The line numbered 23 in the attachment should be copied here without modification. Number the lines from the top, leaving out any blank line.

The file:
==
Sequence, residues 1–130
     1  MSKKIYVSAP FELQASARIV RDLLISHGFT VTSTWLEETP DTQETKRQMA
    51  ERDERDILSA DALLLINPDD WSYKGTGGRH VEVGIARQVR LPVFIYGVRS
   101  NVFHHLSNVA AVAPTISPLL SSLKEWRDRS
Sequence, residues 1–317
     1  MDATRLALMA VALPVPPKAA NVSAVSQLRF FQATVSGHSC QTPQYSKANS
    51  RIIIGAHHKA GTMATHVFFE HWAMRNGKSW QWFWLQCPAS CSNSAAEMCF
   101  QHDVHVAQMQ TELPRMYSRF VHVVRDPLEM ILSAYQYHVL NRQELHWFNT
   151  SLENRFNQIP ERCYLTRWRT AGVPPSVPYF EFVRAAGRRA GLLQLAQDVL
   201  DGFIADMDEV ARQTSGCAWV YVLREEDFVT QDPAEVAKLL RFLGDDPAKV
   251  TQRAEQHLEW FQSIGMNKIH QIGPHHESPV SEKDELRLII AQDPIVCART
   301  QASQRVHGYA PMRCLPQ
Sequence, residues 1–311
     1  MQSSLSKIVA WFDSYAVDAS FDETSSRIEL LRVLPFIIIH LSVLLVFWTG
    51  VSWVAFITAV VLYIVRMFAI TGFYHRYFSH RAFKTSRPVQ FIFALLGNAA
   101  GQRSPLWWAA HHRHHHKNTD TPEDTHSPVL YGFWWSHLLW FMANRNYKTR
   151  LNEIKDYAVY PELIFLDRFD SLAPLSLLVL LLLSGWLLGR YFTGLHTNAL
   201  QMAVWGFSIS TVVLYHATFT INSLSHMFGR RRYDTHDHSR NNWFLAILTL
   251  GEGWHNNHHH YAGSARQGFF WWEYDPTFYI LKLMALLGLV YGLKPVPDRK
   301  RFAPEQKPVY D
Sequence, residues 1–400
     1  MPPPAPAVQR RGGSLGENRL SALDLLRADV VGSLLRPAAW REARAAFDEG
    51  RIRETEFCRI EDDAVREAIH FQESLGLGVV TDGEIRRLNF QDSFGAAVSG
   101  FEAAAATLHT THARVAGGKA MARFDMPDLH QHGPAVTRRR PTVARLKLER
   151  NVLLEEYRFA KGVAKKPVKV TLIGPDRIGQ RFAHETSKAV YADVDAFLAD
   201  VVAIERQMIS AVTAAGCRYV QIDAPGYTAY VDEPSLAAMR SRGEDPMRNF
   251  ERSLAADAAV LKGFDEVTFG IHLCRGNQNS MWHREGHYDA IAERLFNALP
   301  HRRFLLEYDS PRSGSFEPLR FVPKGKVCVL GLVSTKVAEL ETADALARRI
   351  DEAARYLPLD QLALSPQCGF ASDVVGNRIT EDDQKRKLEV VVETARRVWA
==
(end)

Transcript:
    51  RIRETEFCRI EDDAVREAIH FQESLGLGVV TDGEIRRLNF QDSFGAAVSG